Informing the Westminster Hall debate on No Recourse to Public Funds

Migration Westminster
NewsMay 16th, 2024

The Bevan Foundation’s work on No Recourse to Public Funds was referenced in a UK Parliament debate 

The  challenges faced by people subject to the No Recourse to Public Funds (NRPF) condition were raised in Parliament on May 14th thanks to a Westminster Hall debate tabled by Beth Winter MP.  

The MP raised concerns about the devastating effects of the No Recourse to Public Funds restriction on people living in her constituency of Cynon Valley, and acknowledged that the Foundation’s recent report on No Recourse to Public Funds informed many of the points put forward for discussion.  She echoed the Foundation’s calls for the UK Government to end visa restrictions on accessing public funds, stating: 

That is the fairest way to support people without settled status and their children, and safeguard them from deep poverty and destitution. Welfare benefits should be a safety net for all, regardless of their immigration status.

The opening statement included recommendations to extend the scope of legal aid and highlighted Bevan Foundation insights into the availability of free to access immigration advice in Wales:

firms are closing, and provision is in sharp decline. Practically all immigration legal providers in Wales are currently closed to referrals, meaning people are being denied justice.

Other areas highlighted by MPs in the debate included the need to reduce immigration application costs, improve the support provided to local authorities, and the need to exempt key benefits and schemed from public funds. The moral, financial, and social justice impacts on individuals, families, local authorities, and society in general, were emphasised.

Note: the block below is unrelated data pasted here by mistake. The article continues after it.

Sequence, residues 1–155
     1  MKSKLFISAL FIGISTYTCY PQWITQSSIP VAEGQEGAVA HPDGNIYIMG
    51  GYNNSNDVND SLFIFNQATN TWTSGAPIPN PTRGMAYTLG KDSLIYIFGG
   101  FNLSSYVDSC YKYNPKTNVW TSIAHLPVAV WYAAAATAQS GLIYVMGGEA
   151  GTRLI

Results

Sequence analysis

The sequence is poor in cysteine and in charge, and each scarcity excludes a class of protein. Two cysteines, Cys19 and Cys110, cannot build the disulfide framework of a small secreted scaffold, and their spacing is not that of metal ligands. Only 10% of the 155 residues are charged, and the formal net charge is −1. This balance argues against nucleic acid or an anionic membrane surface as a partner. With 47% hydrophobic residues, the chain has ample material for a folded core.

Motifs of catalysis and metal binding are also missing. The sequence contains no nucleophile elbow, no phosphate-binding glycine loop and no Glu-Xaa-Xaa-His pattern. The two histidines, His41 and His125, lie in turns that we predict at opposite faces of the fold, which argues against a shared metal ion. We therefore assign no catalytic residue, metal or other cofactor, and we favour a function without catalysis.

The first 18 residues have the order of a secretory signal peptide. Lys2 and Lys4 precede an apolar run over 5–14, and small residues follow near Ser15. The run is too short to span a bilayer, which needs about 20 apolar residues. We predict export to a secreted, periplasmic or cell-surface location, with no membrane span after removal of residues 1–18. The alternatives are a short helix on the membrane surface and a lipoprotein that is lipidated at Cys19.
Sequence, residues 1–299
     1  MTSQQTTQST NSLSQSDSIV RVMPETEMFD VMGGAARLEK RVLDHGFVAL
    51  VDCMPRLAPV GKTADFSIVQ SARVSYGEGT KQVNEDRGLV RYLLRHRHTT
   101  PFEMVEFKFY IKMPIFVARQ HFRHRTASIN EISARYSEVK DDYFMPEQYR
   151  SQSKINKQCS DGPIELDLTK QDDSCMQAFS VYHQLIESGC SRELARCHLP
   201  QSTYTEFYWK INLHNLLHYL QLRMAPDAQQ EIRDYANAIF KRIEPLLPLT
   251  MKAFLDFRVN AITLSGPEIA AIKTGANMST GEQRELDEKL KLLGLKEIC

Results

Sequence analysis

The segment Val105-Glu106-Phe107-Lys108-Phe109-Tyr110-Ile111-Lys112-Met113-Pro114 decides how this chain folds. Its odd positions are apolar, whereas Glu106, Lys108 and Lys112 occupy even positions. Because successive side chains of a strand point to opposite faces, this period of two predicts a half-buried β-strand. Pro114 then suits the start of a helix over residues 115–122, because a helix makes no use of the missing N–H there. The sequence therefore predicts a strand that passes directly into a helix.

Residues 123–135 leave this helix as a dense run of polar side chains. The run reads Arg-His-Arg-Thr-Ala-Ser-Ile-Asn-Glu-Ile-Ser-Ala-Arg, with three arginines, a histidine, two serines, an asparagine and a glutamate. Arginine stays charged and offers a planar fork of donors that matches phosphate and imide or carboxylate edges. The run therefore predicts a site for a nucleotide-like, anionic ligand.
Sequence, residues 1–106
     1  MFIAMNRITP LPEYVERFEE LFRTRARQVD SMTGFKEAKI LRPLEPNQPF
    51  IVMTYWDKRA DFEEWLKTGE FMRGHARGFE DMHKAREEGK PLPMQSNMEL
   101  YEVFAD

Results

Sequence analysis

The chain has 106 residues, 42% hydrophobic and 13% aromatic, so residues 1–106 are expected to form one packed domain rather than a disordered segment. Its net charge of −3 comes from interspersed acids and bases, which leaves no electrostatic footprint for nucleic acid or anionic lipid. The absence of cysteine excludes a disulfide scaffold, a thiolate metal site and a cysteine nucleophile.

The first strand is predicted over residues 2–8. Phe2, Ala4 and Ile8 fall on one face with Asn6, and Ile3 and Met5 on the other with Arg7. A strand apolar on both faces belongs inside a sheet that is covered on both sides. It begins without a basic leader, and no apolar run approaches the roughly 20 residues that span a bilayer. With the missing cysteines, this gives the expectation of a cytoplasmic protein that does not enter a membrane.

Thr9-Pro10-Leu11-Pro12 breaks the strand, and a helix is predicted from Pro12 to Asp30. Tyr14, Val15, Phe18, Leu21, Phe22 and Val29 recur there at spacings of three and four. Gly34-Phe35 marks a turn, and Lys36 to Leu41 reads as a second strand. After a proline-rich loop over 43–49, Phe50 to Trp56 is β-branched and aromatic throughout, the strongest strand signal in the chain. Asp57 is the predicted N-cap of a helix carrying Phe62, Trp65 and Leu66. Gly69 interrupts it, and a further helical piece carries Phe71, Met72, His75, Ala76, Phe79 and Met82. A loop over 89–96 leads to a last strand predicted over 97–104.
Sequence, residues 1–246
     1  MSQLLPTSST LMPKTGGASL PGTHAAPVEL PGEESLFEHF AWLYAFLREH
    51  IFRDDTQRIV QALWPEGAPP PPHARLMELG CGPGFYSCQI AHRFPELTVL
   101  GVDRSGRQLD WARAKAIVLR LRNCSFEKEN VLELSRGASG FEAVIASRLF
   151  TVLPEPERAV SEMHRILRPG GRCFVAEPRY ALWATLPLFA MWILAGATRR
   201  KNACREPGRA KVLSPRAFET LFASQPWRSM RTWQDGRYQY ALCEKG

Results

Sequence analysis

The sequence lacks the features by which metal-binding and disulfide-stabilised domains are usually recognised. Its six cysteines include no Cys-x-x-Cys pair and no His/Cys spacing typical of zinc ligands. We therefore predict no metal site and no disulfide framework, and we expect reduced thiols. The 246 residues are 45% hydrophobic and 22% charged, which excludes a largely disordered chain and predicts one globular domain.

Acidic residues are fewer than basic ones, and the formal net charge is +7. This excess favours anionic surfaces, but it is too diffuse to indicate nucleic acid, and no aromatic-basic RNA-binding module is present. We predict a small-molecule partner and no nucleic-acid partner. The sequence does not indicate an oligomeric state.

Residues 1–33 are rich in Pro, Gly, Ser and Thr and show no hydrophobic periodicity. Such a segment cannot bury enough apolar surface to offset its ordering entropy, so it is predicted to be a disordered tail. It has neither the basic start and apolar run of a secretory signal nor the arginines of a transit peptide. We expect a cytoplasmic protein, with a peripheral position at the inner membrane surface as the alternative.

Responding on behalf of the UK government, the Minister for Legal Migration and Border, Tom Pursgrove MP, refused to accept that the NRPF policy should be reversed, stating that it would “burden” the taxpayer. Opposition MPs questioned this rationale, arguing that providing timely support at times of crisis would reduce costs in the long-term. 

MPs Beth Winter and Liam Byrne raised concerns about the exclusion of asylum seekers from work, stating that this was contradictory to the stated intention that migrants should support themselves financially. The Minister, while stating emphatically that he did “definitely want people to come here”, cited employment as a potential ‘pull factor’ for illegal migration. This was strongly countered by an argument from Beth Winter MP, who asserted that ‘push factors’ are the principle cause of people seeking sanctuary. 

In her opening statement, Beth Winter MP  praised the Bevan Foundation’s report and the recommendations for Welsh Government and local authorities in Wales, which she stated were of “great significance”. The MP stated that these would be beneficial to UK Government, and promised to forward the report to the Minister of State for Legal Migration and the Border following the debate. 

Despite obvious disagreement on the issues, the Minister agreed to look at better joined up working with devolved governments and administrations in relation to NRPF support. He stated: 

The Government’s general principle is that it is important that we have a system that provides balance. I set out the safeguards, but I am definitely very happy to engage not only with colleagues across the UK Government but with counterparts in the devolved administration.

Following the debate, Beth Winter MP posted on X that the Minister had offered a meeting with her in the coming weeks to discuss further the issues that she raised. 

 Click here to see the Commons Library research briefing produced for this event. 


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